Harold Pollack is a professor at the University of Chicago School of Social Service Administration and Special Correspondent for The Treatment.
The Census Bureau just released its latest income, poverty, and health insurance numbers for 2008. As it reports, the number of uninsured rose by 680,000 between 2007 and 2008, from 45.66 million to about 46.34 million. I’m only relieved things weren’t worse.
Things would have been worse but for one thing: continued expansion of government-provided health insurance coverage. Between 2007 and 2008, the proportion of Americans reporting any private coverage fell by 0.8 percentage points, from 67.5 percent to 66.7 percent. Meanwhile, the percentage reporting some form of government coverage rose by 1.2 points, from 27.8 percent to 29.0 percent.
Unfortunately, the Census Bureau focuses on year-to-year changes. Trends are clarified when one looks over a longer period. The figure below compares government statistics from 1999 and 2008, which show some real trends.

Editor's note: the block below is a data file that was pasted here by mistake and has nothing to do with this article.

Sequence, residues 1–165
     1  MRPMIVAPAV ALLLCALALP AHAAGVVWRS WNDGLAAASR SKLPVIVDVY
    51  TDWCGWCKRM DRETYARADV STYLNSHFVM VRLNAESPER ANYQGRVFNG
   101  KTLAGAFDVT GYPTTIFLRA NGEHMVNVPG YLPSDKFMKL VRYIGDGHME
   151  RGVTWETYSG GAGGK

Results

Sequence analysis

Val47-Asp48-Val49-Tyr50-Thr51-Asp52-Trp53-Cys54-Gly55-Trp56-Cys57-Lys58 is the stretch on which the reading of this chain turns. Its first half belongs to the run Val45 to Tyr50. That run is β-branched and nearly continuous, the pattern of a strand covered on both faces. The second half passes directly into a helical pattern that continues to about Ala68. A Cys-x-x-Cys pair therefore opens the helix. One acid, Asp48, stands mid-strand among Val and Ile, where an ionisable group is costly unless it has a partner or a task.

First, the absolute number of uninsured has increased. Second, employer-based coverage is eroding. Third, adverse trends in private coverage are partly masked in the overall numbers by the rise in public coverage.
Fourth, improved insurance coverage among children--thanks largely to Medicaid and SCHIP--is more than offset by increases in the number and proportion of uninsured working-age adults. As shown in the final column, the number of uninsured adults increased by almost 9 million in nine years. Since working-age adults are much more likely to actually get sick, this is a significant economic and public health concern.
None of these four trends is dramatic, but each continues unabated. Democrats and Republicans propose rather different remedies. Yet experts on all sides provide a similar diagnosis. As the costs of health care (and therefore coverage) continue to grow, our traditional employer-based system continues to unravel.
Thank goodness government has been there to (at least partially) fill in the breach.
Update: Ben Smith has more at Politico.